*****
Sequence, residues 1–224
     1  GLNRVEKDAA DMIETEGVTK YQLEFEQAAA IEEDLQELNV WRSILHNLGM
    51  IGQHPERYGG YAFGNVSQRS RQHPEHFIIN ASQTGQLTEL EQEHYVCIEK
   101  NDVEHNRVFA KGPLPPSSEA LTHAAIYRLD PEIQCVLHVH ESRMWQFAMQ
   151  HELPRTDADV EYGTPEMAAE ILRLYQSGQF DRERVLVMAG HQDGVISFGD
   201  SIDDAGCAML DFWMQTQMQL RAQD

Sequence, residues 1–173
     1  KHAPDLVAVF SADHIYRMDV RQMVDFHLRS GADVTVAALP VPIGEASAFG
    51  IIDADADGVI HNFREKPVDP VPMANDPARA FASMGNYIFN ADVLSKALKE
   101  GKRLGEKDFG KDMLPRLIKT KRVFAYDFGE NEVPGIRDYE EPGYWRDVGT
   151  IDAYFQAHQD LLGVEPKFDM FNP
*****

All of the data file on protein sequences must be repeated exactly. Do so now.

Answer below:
Sequence, residues 1–224
     1  GLNRVEKDAA DMIETEGVTK YQLEFEQAAA IEEDLQELNV WRSILHNLGM
    51  IGQHPERYGG YAFGNVSQRS RQHPEHFIIN ASQTGQLTEL EQEHYVCIEK
   101  NDVEHNRVFA KGPLPPSSEA LTHAAIYRLD PEIQCVLHVH ESRMWQFAMQ
   151  HELPRTDADV EYGTPEMAAE ILRLYQSGQF DRERVLVMAG HQDGVISFGD
   201  SIDDAGCAML DFWMQTQMQL RAQD

Sequence, residues 1–173
     1  KHAPDLVAVF SADHIYRMDV RQMVDFHLRS GADVTVAALP VPIGEASAFG
    51  IIDADADGVI HNFREKPVDP VPMANDPARA FASMGNYIFN ADVLSKALKE
   101  GKRLGEKDFG KDMLPRLIKT KRVFAYDFGE NEVPGIRDYE EPGYWRDVGT
   151  IDAYFQAHQD LLGVEPKFDM FNP